In which Family Little City goes away on holiday and returns…home?
Finally, after six long, dusty months for me and the kids (and nine longer, dustier months for Mrs LC), we left Doha.
OK, so we only left for a week, but you get my point. There was a palpable sense of relief at a change of scenery.
Anywhere with hills, seasons or vegetation would have done, to be honest. One of the reasons we originally accepted Mrs LC’s job offer in the first place is that, geographically at least, Qatar sits at the centre of the world.
And with direct flights to new destinations being added to Qatar Airways’ schedule all the time, there’s basically a huge chunk of this planet (“that you’ve seen none percent of”) available for exploration at four hours’ flying time or less.
Which is how I came to book a holiday in Goa to celebrate Mrs LC’s birthday – never been there, heard it’s great, let’s go exploring!
So, one short flight later and there we were. The region itself is a perfect introduction to the country – whoever described it as ‘India lite’ was spot on.
It’s incredibly relaxed. The people are friendly; the food amazing. There were hills, humidity, brightly coloured houses; lush, verdant, fecund countryside; crickets; roads you can ride a bike on; beaches you could walk on for free…
And how can you not love a place where the police roadblocks are sponsored by the local casino? Or somewhere where you can have a haircut and head massage and a beer (yes, all at the same time) at a roadside barbers?
Basically, it was a delightfully laid back mini-festival of things you can’t do or get here in Qatar, which would be the point of a holiday.
And we packed in trips and excursions and days out, and it felt like we’d been there for twice the time we were. I even managed to get a suntan which is an achievement so remarkable – the only person paler than me in Doha is my own son – that Mrs LC posted a commemorative photo of me online with a caption along the lines of “this is what he looks like when he’s alive”. It’s that kind of place.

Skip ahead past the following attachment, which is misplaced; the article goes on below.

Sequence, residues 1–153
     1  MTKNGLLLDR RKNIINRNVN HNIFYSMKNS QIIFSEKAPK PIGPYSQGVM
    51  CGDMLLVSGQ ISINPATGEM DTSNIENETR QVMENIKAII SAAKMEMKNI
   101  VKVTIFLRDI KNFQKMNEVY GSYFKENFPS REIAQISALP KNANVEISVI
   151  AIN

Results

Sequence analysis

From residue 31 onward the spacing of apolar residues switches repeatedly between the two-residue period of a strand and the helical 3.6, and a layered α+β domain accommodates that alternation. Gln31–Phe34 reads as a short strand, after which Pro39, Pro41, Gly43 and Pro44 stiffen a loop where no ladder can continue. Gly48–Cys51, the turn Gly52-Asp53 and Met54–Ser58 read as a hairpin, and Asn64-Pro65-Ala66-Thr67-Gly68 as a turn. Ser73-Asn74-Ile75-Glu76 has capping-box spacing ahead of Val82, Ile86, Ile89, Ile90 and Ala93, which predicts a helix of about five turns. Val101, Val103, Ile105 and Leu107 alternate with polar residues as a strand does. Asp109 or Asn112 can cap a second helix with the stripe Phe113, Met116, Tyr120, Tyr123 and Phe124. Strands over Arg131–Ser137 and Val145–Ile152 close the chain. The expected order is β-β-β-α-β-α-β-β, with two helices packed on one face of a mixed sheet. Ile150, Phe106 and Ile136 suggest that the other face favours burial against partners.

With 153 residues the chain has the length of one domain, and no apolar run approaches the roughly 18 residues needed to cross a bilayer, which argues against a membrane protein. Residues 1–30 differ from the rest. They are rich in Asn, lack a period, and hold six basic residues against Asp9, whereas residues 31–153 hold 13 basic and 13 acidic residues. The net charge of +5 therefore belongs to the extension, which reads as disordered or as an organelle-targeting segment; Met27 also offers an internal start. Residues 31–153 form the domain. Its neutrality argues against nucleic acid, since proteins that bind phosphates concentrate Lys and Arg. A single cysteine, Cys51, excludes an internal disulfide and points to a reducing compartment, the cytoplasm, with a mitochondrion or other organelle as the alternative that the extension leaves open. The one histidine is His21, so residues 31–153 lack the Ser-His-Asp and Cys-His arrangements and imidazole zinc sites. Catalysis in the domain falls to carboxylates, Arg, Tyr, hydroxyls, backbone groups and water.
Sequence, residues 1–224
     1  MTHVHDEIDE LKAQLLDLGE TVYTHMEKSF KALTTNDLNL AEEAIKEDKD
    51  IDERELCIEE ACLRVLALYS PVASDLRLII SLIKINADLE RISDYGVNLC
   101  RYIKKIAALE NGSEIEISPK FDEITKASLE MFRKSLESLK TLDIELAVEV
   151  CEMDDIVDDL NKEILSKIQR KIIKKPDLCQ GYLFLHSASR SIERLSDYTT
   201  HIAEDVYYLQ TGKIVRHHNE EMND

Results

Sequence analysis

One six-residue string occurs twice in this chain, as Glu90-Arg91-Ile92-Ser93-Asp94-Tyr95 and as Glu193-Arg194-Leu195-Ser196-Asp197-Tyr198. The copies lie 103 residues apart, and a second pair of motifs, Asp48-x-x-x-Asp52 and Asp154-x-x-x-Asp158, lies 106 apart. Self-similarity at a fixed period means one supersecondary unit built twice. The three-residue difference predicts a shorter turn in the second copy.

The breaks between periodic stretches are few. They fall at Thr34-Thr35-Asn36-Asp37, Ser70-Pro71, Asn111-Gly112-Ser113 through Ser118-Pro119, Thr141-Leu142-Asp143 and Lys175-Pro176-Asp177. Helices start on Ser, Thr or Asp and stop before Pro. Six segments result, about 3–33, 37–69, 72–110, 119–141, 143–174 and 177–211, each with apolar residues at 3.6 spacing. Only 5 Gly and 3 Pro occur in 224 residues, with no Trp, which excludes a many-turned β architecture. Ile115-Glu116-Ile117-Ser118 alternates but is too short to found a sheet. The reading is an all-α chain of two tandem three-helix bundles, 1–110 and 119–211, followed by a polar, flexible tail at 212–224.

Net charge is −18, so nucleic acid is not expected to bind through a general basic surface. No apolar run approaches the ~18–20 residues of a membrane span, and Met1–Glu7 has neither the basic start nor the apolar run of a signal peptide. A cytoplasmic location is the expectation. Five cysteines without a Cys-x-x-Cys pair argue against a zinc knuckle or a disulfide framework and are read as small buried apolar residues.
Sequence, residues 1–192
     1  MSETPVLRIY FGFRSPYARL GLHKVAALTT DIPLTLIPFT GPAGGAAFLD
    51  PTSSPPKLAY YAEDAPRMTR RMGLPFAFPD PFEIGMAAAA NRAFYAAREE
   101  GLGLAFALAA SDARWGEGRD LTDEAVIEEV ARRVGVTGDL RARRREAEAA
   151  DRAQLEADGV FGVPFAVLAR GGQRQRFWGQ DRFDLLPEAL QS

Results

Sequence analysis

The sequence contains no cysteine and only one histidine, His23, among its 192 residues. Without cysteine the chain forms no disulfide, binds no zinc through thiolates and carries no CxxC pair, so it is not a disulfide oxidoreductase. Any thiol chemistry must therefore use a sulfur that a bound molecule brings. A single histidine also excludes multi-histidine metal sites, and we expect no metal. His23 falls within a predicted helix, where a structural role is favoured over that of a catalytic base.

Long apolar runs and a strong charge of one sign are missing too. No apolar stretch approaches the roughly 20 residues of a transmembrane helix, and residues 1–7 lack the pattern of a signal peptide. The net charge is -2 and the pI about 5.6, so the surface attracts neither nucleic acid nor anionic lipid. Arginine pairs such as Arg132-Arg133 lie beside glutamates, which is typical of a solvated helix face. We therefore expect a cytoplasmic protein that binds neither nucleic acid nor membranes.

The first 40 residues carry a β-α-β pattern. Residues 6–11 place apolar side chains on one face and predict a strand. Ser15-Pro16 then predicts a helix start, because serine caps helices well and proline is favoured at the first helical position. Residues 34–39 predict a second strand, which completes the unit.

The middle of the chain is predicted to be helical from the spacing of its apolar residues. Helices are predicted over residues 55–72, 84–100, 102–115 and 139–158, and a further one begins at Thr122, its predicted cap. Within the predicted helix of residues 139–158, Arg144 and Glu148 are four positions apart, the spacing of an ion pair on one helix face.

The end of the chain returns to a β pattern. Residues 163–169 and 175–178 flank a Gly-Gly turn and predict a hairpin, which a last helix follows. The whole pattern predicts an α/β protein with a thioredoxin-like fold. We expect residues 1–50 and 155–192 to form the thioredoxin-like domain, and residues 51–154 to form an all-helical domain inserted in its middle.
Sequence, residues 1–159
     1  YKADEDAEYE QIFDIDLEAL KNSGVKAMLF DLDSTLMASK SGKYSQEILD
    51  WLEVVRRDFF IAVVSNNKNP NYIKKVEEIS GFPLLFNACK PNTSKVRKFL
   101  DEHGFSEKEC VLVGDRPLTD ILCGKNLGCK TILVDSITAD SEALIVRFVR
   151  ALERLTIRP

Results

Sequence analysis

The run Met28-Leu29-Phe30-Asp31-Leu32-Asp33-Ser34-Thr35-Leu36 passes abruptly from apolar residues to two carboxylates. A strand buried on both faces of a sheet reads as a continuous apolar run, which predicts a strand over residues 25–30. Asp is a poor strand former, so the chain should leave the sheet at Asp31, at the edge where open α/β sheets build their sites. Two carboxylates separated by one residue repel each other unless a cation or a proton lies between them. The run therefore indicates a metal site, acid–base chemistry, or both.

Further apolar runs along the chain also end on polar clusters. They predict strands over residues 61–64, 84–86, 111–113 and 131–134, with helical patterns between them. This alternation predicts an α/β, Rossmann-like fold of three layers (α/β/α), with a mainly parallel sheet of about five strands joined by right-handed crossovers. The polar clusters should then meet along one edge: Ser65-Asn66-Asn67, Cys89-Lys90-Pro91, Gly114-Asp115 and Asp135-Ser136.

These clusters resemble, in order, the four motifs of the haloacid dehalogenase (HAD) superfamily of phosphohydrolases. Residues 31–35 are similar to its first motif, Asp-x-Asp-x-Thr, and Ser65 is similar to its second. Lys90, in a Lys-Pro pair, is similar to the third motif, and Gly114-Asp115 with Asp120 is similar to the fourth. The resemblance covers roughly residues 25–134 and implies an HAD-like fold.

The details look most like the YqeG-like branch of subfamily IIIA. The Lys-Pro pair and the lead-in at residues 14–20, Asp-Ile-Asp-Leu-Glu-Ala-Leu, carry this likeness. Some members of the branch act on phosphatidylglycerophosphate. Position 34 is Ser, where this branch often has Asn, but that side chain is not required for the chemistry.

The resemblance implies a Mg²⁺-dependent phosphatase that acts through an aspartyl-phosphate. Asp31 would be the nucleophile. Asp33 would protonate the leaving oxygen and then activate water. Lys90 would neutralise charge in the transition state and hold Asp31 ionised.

There and back again
The direct flights are a cinch, even if the return leg takes off at 4am (although I wasn’t the one who had to spring into work on touchdown; I just headed home and put the kids to bed.)
But as our return flight circled above Doha, waiting for a landing slot to open up, and with the rising sun creeping through the windows, a strange thing happened.
A thought was slowly taking shape, like a newborn foal wobbling to its feet for the first time. I was thinking: it’s good to be home.
Home? Where did that come from?
I’m not from here. I’ll never be a citizen. I’m back to being here on a tourist visa again. So how can this dusty, beige, gridlocked place suddenly be home?
But there it was anyway, a thought as loud and clear as the call to prayer.
Like Dorothy tumbling into Oz, I’d passed through some mind-altering expat vortex of my own.
But clearly I’m on a well-trodden path, because at school the next day, I was talking to a friend (the kind of legend who had not only watered our fledgling garden while we’d been away, but who had put milk in the fridge for our return). She asked how our holiday had been, knowing it was the first time we’d all left Qatar since we arrived.
Then she said: “Did it feel like home when you got back?” I must have looked a little slack-jawed with amazement. How did she know that?
But she was right. We’ve deliberately stayed away from our old lives for long enough to carve out a clear and distinct experience here in Qatar, and it seems to have worked.
Yes, it’s about family, or a support network, or a comfy sofa, but above all else, home is a state of mind. (But the sofa’s pretty important, too.)
The transitory nature of expat life will be compounded this weekend when we play host to my best man and his family.
They left their home in Sydney (in the other Oz) this week after 13 years and are returning to the UK via a weekend with us in Dubai and a stopover here in Doha as a kind of decompression chamber to prevent them getting the bends on re-entry. Because where better to prepare for a return to the coldest spring in British history than 30 degree Doha?
His kids have never called anywhere else home, so a whole new set of adjustments lie in wait for them. Their state of mind is all over the place right now.
Obviously I’m looking forward to seeing them, just because.
But I’m also looking forward to showing them round Doha: the alien concept of a compound, and a city with few pedestrians and fewer street names.
And to showing them my dust, my beige.